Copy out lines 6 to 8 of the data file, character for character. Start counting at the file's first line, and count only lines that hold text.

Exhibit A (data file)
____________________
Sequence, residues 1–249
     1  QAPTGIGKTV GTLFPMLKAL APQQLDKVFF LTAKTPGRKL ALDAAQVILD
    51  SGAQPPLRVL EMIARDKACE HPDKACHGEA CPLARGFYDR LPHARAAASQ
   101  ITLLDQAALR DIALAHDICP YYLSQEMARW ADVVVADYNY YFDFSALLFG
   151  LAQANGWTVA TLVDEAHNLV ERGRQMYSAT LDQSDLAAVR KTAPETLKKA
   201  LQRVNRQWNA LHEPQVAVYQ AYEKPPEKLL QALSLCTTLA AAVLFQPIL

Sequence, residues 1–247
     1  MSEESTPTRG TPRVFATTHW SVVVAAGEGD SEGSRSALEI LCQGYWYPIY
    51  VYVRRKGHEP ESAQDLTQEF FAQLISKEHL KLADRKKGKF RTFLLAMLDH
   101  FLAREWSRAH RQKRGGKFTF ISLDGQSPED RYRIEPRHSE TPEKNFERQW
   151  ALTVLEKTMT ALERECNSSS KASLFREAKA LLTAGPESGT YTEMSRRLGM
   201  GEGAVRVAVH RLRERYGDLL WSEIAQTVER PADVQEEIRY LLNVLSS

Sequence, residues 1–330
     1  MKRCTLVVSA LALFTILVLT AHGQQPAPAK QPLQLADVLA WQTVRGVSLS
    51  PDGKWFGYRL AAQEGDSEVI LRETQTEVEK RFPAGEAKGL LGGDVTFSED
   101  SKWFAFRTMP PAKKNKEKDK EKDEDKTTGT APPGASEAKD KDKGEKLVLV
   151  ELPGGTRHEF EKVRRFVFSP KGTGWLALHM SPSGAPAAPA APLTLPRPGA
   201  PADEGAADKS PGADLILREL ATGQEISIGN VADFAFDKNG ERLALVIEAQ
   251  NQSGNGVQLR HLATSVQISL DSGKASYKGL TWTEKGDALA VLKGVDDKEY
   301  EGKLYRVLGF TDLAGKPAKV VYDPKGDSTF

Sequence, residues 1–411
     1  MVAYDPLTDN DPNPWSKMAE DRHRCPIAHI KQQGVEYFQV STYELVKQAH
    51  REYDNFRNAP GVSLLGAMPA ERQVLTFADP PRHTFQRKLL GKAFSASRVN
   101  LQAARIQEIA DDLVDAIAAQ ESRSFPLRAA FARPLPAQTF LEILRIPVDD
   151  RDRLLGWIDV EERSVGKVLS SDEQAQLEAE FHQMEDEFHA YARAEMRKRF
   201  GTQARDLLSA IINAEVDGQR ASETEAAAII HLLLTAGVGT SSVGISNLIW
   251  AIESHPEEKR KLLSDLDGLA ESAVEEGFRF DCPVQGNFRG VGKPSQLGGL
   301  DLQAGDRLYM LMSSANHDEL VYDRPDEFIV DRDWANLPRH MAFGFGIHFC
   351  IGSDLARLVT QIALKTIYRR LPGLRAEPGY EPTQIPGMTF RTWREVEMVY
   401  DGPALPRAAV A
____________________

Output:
   201  LQRVNRQWNA LHEPQVAVYQ AYEKPPEKLL QALSLCTTLA AAVLFQPIL

Sequence, residues 1–247
     1  MSEESTPTRG TPRVFATTHW SVVVAAGEGD SEGSRSALEI LCQGYWYPIY